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The Real Hidden Value of Old Post Traffic

Since creating my Weekly Digest, I’m forced to look through my blog stats on a regular basis, something I’ve been loath to do for many years. Most of it doesn’t interest me as I’ve been doing this too long to worry over the micro-statistics, but I’ve been watching an interesting trend that has now turned […]

Research on the WordPress, Web Development, and Web Design Job Market

In 2012 and 2013, I did extensive research for the grant program to develop and rewrite the Web Developer degree program at Clark College. This research included an analysis of current and future job opportunities for students graduating with that degree with a solid understanding of WordPress. Now that the program has completed its first […]

The Web is All About The Writing

Reading “7 Things You Need to Know about SEO in 2014” from Compete Pulse, I was fascinating to read that “size matters:” Most blog posts range between 400 and 600 words, but the ideal length for highest ranking is actually around 1,500. Many still believe that a successful website is one that offers the information […]

Find, Search, Replace, and Delete in the WordPress Database

The following was originally published on WordCast and authored by Lorelle VanFossen. It is reprinted here as a reference guide. You’ve moved your WordPress installation from one server to another. You’ve changed domain names. You’ve moved images around on your server and now they don’t load. You’ve changed your WordPress installation and now images show […]

Blog Exercises: I Don’t Trust That Site

I recommended an article to a student and they said they didn’t trust that site, thus shed doubt on my personal integrity. I asked why. “Because it’s on Blogspot.” Wow. I have to say that wasn’t the answer I expected. I didn’t expect someone, not web savvy in the least, would associate a blogger on […]

Blog Exercises: If You Wouldn’t Do It In Public, Would You Do It Online?

If you wouldn’t do it in public, would you do it online? Unfortunately for many, the answer is a resounding YES! However, most of us have some…whatever you call it…oh, yeah, class, ethics, moral fiber, manners – etiquette. I’m not the Dear Abby of social norms, but I’m first in line to tell you that […]

Blog Exercises: To Comment or Not to Comment

In the September 20, 2013, issue of the New York Times, an article caught my eye called “No Comments.” It is also available on Umano via mobile app or desktop for a listen. The article by Michael Erard discusses comments on the web, including a long look back at the history of interactivity on the […]

Blog Exercises: Mashups

One of my favorite odd-ball mashups is the movie Moulin Rouge! Released in 2001, the movie features Nicole Kidman, Ewan McGregor, and an outstanding cast of top notch actors singing their way through a Bollywood-style production set in a 1899 France cabaret. There are few original songs in the film. Instead they used pop songs […]

Blog Exercises: Debate Ethics

A premie baby is causing debates and controversy about medical research projects. A debate on plant ethics questions over the humane treatment of plants opposes yet is related to the debate on ethical treatment of animals as food sources. Advanced research on stem cells and human cloning is debatable on all sides, especially when news […]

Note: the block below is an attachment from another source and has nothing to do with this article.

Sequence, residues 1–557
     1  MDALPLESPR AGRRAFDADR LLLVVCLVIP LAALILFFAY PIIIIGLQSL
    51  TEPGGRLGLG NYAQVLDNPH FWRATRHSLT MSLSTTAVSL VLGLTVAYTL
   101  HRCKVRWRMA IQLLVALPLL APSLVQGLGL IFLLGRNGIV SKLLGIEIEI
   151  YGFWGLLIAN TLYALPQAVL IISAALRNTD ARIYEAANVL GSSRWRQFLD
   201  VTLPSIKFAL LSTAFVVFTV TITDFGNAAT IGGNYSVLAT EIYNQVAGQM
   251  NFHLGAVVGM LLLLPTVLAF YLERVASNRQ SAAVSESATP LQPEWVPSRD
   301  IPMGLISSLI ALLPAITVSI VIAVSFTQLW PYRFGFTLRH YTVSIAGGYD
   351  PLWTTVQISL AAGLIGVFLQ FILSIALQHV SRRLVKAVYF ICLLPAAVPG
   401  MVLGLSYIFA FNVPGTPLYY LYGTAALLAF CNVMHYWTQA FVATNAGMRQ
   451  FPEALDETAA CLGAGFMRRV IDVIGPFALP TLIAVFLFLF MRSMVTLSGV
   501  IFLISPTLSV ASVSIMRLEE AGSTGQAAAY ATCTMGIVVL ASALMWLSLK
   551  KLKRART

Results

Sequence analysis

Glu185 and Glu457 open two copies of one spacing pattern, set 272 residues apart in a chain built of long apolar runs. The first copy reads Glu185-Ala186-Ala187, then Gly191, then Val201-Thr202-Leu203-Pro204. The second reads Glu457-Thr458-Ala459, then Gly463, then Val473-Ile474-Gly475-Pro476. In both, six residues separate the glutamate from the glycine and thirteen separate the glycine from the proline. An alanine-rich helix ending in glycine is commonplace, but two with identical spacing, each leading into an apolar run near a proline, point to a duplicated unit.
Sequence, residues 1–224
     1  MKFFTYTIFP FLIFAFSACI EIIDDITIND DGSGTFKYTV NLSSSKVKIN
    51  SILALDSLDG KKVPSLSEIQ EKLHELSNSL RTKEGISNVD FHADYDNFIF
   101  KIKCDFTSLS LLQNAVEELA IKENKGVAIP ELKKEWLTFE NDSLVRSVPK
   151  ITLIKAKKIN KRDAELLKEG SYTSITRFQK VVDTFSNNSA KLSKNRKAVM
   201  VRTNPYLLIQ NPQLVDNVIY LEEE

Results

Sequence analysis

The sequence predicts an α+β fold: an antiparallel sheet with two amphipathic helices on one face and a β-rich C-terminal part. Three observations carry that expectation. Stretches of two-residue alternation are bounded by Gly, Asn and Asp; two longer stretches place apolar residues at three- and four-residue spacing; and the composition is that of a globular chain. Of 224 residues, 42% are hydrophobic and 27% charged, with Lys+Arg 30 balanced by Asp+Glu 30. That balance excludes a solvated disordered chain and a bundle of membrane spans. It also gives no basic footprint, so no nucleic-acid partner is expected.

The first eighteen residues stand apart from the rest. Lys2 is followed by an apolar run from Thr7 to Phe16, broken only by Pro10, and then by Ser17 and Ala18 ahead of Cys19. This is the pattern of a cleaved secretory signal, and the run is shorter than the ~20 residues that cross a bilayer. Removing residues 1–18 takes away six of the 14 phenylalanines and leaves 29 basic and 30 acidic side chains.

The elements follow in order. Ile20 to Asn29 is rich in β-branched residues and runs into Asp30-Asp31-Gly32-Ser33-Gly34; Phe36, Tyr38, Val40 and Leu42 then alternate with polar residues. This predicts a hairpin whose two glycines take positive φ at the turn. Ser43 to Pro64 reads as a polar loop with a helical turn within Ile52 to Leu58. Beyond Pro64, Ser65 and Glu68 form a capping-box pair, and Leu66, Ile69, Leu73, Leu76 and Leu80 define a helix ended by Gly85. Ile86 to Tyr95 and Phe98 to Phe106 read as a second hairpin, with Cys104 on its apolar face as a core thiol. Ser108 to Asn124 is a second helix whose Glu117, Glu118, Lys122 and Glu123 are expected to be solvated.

Blog Exercises: Patterns in the Stats

As we proceed through this year of blogging tips and exercises, we’ll talk more about statistics and web analytics to help you check in with yourself that you are on the right track. Today’s blog exercise is to familiarize yourself with tracking your site’s stats, learning the key numbers and data to watch. I introduced […]

Blog Exercises: Self-Control and Distractions

During a recent WordPress Meetup in Portland, Oregon, I was on the panel of three WordPress experts answering questions from the audience on how to use WordPress. In response to one of the questions dealing with a recommendation that WordPress restrict what a user can and cannot do to protect themselves from doing something “stupid,” […]

Blog Exercises: What’s the View Through Your Binoculars

One of my favorite things is a framed picture by Matt Mullenweg of an old set of mounted binoculars. The eye pieces are worn and the blue paint on the metal binoculars looks like it’s not the first coat of paint it has seen. It’s wonderful, and I find new meaning in it every time […]

Blog Exercises: Are Your Comments Open for Business?

Are your comments closed? Are they set to moderation? Are your comments wide open for all without question or challenge? Are you comments open for business? In “You Must Be Logged In To Comment” I wrote: Why do people turn off open, unregistered comments to require people to login in order to comment? I’m not […]

Blog Exercises: Are You Setting an Example for Others?

A milestone in personal rights seemed to have been achieved recently when US basketball player, Jason Collins declared publicly he was gay, hopefully setting an example for others that it is now “safe” to come out of the closet. The news in and around his announcement has me thinking about heroes, mentors, and risk-takers, those […]

Blog Exercises: Become Your Own Fan Blogger

Fan blogging is one of the most challenging types of blogging. Fan blogging is blogging about a celebrity, television show, movie, sports team, sports player, criminals, or other groupie subject. Today’s blog exercise examines the art of fan blogging and how to learn from fan blogging to create your own fan club around your blog. […]

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